The thing is that all of this is designed in a way that is completely not helpful for those of us with ADHD. Random drug screening is insanity. Who with ADHD hasn’t forgotten to take their medication or accidently taken an extra dose? Forgetting things is part of the disorder, so that kind of thing happens. All the time. So what then if your drug screen says your drug level doesn’t match your prescribed dose? I don’t know, it never happened to me. But I always had anxiety about it. Because I knew that it could happen. And you’re going to expect me to be able to just up and come in with all my pills at the drop of a dime? Honey, I take this medication because I am struggling to get to anything on time. Not to mention I am struggling to keep track of my stuff. Then you give me a paper script. I hope I don’t misplace that. Feels like they are trying to make you fail.

The system it self is built in such a way that fosters stigma. By making us go through all of this, it is sending the message to our providers that we are likely to be engaging in criminal behavior. Otherwise, why would we have to be monitored? And that message is sent to everyone in the office from the one writing the script to the person at the desk. They give the medical assistant the cup with instruction to collect the drug screen. Stigma message sent. The provider tells the secretary to call me to come in for a random drug count or random drug screen. Stigma message sent. The provider hesitates to write the script. They are dubious of the adult ADHD diagnosis and are wary of “drug seekers.” Stigma message sent. That sucks.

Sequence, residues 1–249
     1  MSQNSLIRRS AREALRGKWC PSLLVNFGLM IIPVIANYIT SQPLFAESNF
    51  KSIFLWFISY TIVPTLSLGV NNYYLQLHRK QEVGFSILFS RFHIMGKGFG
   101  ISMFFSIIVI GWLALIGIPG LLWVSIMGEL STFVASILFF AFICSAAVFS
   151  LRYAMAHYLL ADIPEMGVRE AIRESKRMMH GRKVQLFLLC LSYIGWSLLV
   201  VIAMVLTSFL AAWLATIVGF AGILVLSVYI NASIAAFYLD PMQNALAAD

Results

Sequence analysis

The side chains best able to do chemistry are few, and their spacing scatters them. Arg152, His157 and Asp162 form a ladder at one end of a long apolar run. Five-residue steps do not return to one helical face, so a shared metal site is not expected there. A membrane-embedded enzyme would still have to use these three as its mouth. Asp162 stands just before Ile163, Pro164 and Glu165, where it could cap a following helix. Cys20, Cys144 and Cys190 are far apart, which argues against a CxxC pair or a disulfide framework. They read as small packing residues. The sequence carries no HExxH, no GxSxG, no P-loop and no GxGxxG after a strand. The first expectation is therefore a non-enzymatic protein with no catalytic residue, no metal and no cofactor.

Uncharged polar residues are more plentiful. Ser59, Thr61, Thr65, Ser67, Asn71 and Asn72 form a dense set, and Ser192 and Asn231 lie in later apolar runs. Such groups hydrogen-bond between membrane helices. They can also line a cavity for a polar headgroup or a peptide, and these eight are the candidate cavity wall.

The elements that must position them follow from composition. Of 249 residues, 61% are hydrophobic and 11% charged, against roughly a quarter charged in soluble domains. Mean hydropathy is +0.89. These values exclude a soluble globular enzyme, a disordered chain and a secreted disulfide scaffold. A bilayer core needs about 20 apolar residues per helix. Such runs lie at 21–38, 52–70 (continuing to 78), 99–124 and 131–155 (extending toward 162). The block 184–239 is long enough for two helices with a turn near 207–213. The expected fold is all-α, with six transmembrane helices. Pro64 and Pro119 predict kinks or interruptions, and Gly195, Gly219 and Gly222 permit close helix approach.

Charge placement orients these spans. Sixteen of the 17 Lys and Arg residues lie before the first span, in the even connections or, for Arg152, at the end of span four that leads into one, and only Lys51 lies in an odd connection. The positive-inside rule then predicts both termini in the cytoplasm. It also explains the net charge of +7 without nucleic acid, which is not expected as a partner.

And to what end? They’ve put all these weird measures into place for controlled drugs. So now, people who have been legally prescribed them have to go through a lot of dumb stuff to get and keep their medications. Yet, the rates of drug abuse have kept going up. This means that all these measures haven’t made any difference in the problem they are designed to prevent. Yet, we keep them going. Not sure why.

Bleh. It’s a catch 22. Our culture/society is set up in such a way that medications are the first line treatment for everything. But if you are taking medications you are a “drug seeker” and are some how a failure. Well screw that. I argue that it is society that is the failure. We as a group should be able to support each other. We should be able to tolerate and nurture each other as fellow human beings. Why aren’t we researching options other then meds? If the government thinks that these medications are so terrible, why aren’t they funding the research for non-medication options? I’d love to have more treatment options!

Seriously. The system is broken. And those of us caught up in it are just trying to survive. Please, don’t judge us for using what there is. Believe me, we know it isn’t great. You think that I want to take medications every day? We would love to have something better. But no one has come up with anything better yet. So, for right now, I am stuck with struggling to remember to take my pill every day so that I can remember things better.

And I think that’s all I have to say about that, so thanks for coming and spending some time with me. I hope that you all find peace and wellness. Until we talk again, you take care of yourselves!